Statement of Purpose Few studies inform primary care-based identification and response to male intimate partner violence (IPV) victimisation or perpetration. The purpose of this study is to determine psychological or physical IPV victimisation and perpetration (1) prevalence among men in family medicine settings, and (2) correlates including demographics, mental health, alcohol and substance use.
Methods/Approach Men aged 18 to 70 were recruited in waiting rooms of two family medicine centres in urban and suburban Midwestern towns. Men completed surveys with measures of past year psychological and physical IPV victimisation and perpetration, alcohol misuse, substance use, mindfulness, and depression.
Results Of 236 men with a partner (average age 36.4 years, 44.6% African-American, 53.4% living with children), 162 (68.6%) and 152 (64.4%) reported psychological or physical IPV victimisation and perpetration, respectively. Poisson regression analyses showed IPV victimisation is positively associated with substance use (IRR 1.49, 95% CI 1.04–2.13) and depression symptoms (IRR 1.17, 95% CI 1.06–1.29), and negatively associated with higher education (IRR 0.73, 95% CI 0.61–0.88). IPV perpetration is positively associated with living with children (IRR 1.60, 95% CI 1.16–2.20), substance use (IRR 1.71, 95% CI 1.20–2.44), and depression symptoms (IRR 1.14, 95% CI 1.03–1.26), and negatively associated with higher education (IRR 0.83, 95% CI 0.69–1.00). Mindfulness was a significant IPV correlate in multivariate models without depression.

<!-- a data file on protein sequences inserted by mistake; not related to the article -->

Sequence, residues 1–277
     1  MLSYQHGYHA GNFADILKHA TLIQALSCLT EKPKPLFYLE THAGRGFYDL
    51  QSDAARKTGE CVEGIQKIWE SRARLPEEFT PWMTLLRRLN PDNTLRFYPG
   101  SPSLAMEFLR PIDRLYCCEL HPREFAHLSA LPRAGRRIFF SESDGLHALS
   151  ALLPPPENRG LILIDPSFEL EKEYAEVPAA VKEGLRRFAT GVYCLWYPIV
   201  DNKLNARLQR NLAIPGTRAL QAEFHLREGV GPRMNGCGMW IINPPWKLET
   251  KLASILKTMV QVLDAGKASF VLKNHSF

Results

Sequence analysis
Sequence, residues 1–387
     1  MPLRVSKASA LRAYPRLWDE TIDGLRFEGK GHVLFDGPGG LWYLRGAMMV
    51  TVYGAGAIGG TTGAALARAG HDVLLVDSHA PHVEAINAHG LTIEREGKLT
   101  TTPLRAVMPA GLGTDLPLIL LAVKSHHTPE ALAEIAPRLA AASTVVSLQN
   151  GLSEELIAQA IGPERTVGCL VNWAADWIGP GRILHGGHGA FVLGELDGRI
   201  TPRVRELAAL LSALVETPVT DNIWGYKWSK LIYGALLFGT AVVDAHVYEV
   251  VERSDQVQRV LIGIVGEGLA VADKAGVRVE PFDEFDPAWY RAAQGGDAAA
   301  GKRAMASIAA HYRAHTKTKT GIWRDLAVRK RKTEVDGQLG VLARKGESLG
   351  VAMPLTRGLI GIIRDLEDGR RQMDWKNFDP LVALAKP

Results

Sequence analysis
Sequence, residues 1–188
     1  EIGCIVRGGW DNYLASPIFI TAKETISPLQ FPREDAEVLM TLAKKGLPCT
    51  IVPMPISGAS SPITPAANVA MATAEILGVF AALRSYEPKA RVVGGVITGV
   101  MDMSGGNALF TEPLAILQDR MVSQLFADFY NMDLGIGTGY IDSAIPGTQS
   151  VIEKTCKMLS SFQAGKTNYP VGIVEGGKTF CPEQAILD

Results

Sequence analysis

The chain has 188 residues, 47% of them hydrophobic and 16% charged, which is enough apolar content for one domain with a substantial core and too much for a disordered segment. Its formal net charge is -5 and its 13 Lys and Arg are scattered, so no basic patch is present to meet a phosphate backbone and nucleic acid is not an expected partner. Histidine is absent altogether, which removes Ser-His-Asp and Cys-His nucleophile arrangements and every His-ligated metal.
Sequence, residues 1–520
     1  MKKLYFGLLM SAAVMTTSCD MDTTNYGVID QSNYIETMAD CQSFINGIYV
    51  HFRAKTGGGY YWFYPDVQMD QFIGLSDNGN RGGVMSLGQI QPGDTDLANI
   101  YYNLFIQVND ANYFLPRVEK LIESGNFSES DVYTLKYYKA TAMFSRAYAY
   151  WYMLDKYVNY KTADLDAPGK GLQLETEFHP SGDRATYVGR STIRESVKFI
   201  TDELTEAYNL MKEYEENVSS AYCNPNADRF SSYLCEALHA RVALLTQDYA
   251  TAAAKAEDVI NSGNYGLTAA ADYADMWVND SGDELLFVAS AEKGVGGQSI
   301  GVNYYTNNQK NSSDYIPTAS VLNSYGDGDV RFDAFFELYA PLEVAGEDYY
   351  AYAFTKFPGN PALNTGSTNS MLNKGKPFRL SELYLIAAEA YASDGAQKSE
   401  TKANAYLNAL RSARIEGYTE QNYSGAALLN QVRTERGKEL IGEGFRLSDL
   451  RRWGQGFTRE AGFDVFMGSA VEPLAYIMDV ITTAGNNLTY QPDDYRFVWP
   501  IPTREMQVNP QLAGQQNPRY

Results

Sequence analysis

Conclusions Nearly 2 in 3 men in family medicine waiting rooms report psychological or physical IPV victimisation or perpetration. Male IPV victimisation and perpetration correlates are similar for education, mindfulness, substance use and depression, though living with children was a risk factor only for IPV perpetration. Limitations include no partner reports.
Significance and Contributions to Injury and Violence Prevention Science The findings help inform prevention and intervention efforts for male IPV, particularly the protective effect of education and mindfulness, and risk factors of substance use, depression symptoms, and living with children.
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